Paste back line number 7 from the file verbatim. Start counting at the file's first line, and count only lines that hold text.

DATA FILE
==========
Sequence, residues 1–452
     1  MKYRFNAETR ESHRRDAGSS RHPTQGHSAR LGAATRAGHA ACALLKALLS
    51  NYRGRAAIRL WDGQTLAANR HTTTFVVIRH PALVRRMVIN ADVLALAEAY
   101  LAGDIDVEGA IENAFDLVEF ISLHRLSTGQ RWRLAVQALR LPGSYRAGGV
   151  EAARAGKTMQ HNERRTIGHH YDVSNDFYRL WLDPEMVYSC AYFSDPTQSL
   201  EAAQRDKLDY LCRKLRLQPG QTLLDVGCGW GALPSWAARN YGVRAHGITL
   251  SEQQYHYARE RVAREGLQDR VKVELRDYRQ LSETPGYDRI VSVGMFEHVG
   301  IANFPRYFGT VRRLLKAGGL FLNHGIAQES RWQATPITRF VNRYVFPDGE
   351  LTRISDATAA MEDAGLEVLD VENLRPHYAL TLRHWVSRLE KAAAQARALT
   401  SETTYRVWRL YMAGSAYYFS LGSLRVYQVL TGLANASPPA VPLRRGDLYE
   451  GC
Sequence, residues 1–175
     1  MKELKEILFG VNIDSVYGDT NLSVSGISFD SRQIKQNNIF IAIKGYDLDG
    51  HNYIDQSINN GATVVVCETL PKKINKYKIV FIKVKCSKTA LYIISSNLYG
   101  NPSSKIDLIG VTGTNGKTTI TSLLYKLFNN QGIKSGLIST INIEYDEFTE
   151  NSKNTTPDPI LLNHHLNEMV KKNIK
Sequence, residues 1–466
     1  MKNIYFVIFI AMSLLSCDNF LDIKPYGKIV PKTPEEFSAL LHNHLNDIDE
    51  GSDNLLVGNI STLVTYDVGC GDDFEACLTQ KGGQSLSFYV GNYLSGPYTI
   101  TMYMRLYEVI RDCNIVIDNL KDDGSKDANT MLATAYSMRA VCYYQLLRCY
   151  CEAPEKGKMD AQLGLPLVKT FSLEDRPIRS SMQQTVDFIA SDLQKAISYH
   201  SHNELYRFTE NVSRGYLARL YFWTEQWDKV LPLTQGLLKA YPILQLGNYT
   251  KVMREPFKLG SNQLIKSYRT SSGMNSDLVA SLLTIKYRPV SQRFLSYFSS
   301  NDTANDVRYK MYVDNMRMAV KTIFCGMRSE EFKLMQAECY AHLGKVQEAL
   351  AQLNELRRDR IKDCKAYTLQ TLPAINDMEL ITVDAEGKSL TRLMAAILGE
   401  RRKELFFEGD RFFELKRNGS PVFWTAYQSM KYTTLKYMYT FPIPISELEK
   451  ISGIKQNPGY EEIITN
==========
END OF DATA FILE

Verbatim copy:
   251  SEQQYHYARE RVAREGLQDR VKVELRDYRQ LSETPGYDRI VSVGMFEHVG